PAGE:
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Bike lanes — the third rail of New York City politics

The Brooklyn Paper
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City officials scrubbed a scheduled meeting set for this week on a new pair of bike lanes in Park Slope — which some see as evidence that a backlash against cycle paths is having an impact.

Community Board 6’s Transportation Committee said last week that its Feb. 17 meeting would include a discussion of new bike lanes on 14th and 15th streets between Third Avenue and Prospect Park West, near the controversial Prospect Park West lane.

But when this newspaper called the Department of Transportation with questions about the proposal, the item was abruptly removed from the agenda (but not before we took a photo of the original, right).

“There are no plans for a bike lane at this location at this time,” spokeswoman Nicole Garcia said.

Garcia declined to discuss why the item was on the agenda, then off — but CB6 District Manager Craig Hammerman said that he was told that the city was simply not yet prepared to discuss the issue or allow a “premature review of the proposal.”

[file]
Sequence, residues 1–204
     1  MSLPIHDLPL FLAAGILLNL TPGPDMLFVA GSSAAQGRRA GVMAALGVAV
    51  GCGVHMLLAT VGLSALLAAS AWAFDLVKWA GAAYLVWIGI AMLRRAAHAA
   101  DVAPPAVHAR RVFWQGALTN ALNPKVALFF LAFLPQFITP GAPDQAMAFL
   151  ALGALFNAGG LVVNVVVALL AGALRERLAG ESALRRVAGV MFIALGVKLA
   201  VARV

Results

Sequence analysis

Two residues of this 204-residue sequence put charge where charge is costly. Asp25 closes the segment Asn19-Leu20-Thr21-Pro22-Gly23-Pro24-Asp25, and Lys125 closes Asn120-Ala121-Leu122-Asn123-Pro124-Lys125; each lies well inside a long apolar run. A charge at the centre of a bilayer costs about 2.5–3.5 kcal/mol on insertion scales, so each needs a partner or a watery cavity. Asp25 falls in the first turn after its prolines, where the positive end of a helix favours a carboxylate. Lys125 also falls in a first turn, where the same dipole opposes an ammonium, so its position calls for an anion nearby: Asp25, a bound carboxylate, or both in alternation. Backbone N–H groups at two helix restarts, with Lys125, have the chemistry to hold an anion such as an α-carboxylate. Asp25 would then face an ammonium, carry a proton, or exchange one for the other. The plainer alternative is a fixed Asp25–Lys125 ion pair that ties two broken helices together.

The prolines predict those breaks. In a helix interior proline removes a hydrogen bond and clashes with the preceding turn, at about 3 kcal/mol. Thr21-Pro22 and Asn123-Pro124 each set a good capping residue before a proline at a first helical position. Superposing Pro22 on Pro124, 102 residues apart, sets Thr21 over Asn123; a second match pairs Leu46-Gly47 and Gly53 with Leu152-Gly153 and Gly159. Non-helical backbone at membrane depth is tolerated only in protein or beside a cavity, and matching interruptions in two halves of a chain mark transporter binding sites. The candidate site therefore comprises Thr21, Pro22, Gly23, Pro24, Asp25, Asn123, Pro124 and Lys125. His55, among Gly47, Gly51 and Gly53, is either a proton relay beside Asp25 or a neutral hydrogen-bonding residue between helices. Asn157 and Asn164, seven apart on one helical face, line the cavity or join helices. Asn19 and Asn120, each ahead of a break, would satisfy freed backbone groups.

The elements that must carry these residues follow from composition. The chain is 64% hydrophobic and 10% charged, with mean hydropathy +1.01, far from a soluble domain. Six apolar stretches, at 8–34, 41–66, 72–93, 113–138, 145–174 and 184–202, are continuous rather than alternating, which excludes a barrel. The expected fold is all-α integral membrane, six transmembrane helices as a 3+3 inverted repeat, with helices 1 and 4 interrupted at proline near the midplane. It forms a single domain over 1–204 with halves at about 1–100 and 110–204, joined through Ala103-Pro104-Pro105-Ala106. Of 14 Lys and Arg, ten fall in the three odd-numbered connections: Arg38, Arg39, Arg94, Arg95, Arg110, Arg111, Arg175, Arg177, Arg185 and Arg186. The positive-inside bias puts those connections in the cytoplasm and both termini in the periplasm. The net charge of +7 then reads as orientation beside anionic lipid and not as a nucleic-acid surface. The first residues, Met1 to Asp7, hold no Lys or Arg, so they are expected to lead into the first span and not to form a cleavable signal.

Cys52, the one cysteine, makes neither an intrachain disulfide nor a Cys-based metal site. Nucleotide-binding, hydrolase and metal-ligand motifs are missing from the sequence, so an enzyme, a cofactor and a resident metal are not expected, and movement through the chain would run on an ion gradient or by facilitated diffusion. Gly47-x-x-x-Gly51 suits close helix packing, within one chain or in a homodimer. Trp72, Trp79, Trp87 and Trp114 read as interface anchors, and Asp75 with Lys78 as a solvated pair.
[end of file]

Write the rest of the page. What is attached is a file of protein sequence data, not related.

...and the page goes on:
Hammerman, who has been around the block plenty of times, agreed that the “heightened sensitivity” over bike lanes in general could have played a role, but added that the meeting cancelation was “no more than a misunderstanding.”

The lane request originated with Councilman Brad Lander (D–Park Slope), who strongly rejected this newspaper’s “thesis” that bike lanes have become the third rail of New York City politics, forcing local officials to reconsider even non-controversial schemes to benefit two-wheelers.

“I don’t think there’s anything to it,” he said.

But one high-profile opponent thinks there is.

“Lander realized he didn’t have his ducks lined up and is trying to think of a way to manipulate this to his advantage,” said former deputy mayor Norman Steisel, a strident opponent of the Prospect Park West lane.

“We have opened up a debate [and] a lot of people are questioning the process by which lanes are put in,” he said.